FORT LAUDERDALE, Fla. — It’s an 8-inch master of disaster: a snail that can eat the stucco off your house and give you meningitis.
But it’s been eliminated from Florida. Again.
Officials announced Wednesday that the giant African land snail has been eradicated from Florida for the second time.
“This truly is an exciting day for our state and for our country,” Florida Agriculture Commissioner Nikki Fried said.
In Florida, the African land snail existed largely in Miami-Dade County, although hundreds of the pests were found in Broward County, specifically western Davie, in 2014.
The snail is a threat on many levels considering it carries a parasite that can cause meningitis in humans, eats 500 types of plants and eats stucco walls.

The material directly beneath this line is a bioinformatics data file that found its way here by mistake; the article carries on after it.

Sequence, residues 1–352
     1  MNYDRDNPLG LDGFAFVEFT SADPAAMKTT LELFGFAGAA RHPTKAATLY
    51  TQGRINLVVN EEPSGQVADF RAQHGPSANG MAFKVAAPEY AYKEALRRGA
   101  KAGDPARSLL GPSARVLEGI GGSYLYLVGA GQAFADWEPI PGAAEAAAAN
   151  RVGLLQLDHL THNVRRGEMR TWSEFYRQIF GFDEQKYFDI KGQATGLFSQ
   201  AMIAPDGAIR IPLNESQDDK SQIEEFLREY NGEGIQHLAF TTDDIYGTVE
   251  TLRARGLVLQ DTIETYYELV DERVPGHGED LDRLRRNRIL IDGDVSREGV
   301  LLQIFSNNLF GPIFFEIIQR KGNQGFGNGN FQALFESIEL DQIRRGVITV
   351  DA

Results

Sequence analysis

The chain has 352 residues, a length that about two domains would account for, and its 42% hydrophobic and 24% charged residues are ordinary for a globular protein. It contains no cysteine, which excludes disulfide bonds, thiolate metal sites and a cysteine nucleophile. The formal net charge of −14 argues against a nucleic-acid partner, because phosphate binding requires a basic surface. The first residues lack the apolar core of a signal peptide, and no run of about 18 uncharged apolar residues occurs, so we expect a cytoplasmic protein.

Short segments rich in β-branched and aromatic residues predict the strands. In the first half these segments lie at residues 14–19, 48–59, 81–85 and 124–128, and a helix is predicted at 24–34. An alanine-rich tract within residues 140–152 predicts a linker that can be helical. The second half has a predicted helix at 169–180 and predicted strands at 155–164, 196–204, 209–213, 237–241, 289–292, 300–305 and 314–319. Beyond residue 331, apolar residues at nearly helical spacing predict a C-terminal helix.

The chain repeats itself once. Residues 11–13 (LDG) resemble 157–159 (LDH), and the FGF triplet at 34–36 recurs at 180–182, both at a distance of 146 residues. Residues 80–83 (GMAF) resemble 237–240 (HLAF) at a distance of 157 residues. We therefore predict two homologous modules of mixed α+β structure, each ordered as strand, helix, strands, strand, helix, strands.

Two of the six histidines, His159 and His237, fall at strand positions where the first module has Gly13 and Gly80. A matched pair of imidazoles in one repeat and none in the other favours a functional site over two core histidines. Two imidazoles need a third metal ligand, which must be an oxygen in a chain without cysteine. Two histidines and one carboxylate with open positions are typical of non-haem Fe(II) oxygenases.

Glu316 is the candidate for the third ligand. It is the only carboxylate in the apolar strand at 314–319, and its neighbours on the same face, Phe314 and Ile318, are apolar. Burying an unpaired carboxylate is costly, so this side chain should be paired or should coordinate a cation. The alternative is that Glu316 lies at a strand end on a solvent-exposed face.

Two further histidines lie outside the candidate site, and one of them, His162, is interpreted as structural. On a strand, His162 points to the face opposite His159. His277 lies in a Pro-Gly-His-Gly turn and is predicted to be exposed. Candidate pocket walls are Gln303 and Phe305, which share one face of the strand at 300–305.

“It’ll eat your plants, and it’ll eat your house,” said Trevor Smith, director of the division of plant industry and a Florida State Plant Regulatory official.
The snails could be brought here intentionally or unintentionally, Fried said, and they have major implications when it comes to Florida’s trade and exports.
“Our trade partners do not want this pest,” Smith said, “so it was absolutely imperative that we come in and eradicate this thing so it didn’t impact our international trade.”
The first Giant African land snail was found near Douglas Park in Miami, site of Wednesday’s announcement. In 1966, a child brought three to South Florida from Hawaii. His grandmother threw them out in the yard, and they reproduced by the thousands but were eradicated by 1975.
Smith said it’s unclear how the recent wave of the snails got to Florida in 2011.
The last live giant African land snail was reported in 2017.